Rogue parking

Following up on a report on Atlantic Yards Watch, Charlie Recknagel, a resident of the Carlton/Dean area, recounted how people saw came home on Oct. 3 seeing signs telling them cars needed to be moved by 7 am.

The next morning, as residents moved their cars out, cones were put to hold the spots, and construction workers coming to work took those spots.

Later in the meeting, Forest City Ratner's Ashley Cotton, who represents the joint venture Greenland Forest City Partners, called the situation "terrible" and "completely unacceptable."

That day, she reported, "Charlie called [Forest City staffer] Roberta [Fearon], who immediately reached out to contractors, said you guys should move those cars immediately. Again, it’s legal parking at that point. At that point, the deed, and the very bad deed, was done. It's unacceptable. I’ve never heard an incident like that before. I don’t think it’s happened since. That doesn’t make it any better.

"We have a different hammer," Cotton continued. "We're not enforcement, but we pay these people, so we’re very motivated to make sure the behavior is appropriate… It shouldn’t happen again; if it does, don’t hesitate to call us."

So she implied without certifying it that some penalty may have been imposed, or might be imposed in the future.

How much oversight? How much reporting?

Empire State Development Community Affairs rep Nicole Jordan explained, especially to some newcomers, that ESD had a full-time--if in daytime hours--field inspector, Greg Lynch, who takes photos of issues that need to be reported, but does not go behind construction fences.

"Flatbush and Fourth [avenues] is not walked," one resident commented. "That's why we see food and garbage, from the arena."

ESD, she said, does not have the jurisdiction to take action on, say, idling trucks, but will forward it  to the appropriate agencies, and Forest City, "to make sure an incident does not happen again." (Of course that hasn't exactly stopped the problems.) ESD also has consultants, STV and HDR, that monitor the project, and can go behind fences.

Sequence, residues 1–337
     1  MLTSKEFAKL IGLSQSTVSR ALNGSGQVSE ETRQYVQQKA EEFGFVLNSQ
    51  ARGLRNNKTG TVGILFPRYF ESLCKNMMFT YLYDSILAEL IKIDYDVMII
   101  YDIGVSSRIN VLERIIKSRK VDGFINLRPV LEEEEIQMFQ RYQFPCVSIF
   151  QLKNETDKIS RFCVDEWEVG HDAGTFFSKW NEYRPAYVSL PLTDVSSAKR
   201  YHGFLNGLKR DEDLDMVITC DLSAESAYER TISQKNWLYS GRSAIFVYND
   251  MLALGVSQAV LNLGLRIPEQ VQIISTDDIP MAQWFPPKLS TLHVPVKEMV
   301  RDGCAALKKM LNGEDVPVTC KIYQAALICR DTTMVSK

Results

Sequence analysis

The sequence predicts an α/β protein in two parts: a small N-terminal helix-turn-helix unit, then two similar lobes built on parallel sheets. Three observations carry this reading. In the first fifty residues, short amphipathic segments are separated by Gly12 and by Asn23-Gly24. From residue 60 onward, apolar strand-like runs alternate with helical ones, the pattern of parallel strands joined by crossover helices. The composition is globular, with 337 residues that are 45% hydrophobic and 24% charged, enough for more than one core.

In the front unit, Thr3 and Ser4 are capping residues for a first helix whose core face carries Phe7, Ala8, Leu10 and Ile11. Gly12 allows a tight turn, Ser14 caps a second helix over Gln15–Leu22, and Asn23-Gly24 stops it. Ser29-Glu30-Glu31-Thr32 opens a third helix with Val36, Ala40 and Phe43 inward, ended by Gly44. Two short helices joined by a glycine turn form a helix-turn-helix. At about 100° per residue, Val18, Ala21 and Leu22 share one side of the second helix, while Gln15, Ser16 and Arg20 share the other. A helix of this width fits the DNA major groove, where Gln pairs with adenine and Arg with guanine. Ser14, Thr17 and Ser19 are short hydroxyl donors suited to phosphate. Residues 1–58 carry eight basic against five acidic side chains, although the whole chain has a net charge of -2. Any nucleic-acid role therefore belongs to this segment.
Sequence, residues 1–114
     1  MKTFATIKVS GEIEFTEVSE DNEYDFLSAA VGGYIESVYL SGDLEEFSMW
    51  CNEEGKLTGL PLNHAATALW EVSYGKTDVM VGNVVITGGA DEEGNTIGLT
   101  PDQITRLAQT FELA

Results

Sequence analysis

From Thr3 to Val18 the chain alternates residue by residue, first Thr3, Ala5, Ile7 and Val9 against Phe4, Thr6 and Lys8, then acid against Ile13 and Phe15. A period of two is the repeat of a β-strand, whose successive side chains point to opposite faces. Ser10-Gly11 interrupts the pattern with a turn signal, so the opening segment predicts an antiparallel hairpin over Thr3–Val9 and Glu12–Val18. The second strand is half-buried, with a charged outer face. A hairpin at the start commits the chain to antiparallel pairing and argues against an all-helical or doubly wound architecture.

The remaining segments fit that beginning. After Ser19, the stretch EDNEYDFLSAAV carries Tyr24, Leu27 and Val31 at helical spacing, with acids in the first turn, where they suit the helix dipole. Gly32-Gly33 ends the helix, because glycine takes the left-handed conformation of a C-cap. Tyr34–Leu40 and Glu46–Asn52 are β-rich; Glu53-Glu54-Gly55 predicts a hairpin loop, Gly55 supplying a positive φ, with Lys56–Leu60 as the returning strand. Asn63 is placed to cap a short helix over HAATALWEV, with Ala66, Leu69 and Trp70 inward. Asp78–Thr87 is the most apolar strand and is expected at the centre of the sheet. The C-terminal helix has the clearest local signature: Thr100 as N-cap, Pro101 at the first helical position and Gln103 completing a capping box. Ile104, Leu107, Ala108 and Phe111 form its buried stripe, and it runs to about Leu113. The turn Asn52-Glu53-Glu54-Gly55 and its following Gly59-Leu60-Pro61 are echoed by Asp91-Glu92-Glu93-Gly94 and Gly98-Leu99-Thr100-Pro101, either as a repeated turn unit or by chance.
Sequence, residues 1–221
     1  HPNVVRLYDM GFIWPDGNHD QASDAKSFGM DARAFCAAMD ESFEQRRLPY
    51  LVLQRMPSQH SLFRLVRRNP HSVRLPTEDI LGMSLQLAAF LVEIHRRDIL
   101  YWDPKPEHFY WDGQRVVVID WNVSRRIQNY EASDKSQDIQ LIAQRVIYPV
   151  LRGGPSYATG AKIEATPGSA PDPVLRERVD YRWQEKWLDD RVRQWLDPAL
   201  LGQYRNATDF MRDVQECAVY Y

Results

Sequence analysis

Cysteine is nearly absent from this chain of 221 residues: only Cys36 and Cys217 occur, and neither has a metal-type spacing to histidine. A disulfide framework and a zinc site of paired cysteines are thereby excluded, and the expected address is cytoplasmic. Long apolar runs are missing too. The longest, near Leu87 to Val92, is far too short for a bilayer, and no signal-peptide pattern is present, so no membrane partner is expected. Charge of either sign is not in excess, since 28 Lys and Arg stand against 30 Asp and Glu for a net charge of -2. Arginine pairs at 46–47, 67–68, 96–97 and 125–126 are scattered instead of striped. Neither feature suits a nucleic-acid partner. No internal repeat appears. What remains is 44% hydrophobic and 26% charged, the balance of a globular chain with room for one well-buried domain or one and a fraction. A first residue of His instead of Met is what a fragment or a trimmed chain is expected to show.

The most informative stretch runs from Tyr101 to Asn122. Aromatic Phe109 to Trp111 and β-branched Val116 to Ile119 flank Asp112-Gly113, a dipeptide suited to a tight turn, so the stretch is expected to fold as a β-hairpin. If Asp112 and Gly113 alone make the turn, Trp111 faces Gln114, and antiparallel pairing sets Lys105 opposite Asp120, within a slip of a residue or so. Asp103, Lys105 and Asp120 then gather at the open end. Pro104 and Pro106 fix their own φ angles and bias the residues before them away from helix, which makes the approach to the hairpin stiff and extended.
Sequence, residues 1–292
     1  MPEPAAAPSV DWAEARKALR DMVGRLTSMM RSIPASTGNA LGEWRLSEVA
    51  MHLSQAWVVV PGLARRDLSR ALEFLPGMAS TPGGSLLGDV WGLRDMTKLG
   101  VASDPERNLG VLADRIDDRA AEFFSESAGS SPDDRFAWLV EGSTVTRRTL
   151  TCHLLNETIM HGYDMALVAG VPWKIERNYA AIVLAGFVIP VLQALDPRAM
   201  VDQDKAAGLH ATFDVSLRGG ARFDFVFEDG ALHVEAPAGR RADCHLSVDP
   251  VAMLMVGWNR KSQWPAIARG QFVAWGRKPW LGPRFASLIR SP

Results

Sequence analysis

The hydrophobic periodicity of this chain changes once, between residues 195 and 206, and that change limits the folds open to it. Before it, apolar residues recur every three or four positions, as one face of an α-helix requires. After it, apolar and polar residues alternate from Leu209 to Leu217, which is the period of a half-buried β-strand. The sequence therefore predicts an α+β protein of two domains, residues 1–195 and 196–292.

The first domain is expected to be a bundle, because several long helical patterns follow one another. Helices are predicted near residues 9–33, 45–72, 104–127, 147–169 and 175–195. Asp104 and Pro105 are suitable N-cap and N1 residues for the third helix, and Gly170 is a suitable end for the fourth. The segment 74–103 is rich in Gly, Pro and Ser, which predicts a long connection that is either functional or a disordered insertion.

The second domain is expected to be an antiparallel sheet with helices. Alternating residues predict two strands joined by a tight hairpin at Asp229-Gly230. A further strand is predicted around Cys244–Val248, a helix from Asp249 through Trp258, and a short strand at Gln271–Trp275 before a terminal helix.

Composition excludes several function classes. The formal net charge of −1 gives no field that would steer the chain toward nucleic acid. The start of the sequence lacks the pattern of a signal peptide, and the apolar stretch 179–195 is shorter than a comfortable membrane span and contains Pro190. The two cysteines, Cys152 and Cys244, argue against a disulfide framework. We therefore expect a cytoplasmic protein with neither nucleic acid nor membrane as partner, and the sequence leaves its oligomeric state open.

"That's very encouraging. What kinds of things have been reported and improved?" Weinstein asked sardonically. "I can't point to one thing that's improved. I'm curious."

"I believe that the trash incidents have improved," Jordan responded, saying that trash has been picked up on a strip between Carlton and Vanderbilt avenues. "We worked to get that done."

The number of incidents being complained about, she said, has gone down. However, that may well be an artifact of community fatigue and the fact that the state only counts incidents that are submitted directly to ESD through phone calls or emails, to Lynch, or forwarded via the Atlantic Yards Watch site, the use of which has gone down significantly.

The state cannot collect project-related data from 311 complaints, and reps claim not to monitor social media, including Instagram, which has become a more popular site for reporting problems, under the tag #bciza, for Barclays Center Impact Zone Alliance.

That said, in 2015, the state was supposed to produce a new app, or digital solution, to allow easy reporting of all incidents. That's been put on hold multiple times, so in lieu of offering that solution, I'd think ESD might stretch a little more to monitor incidents.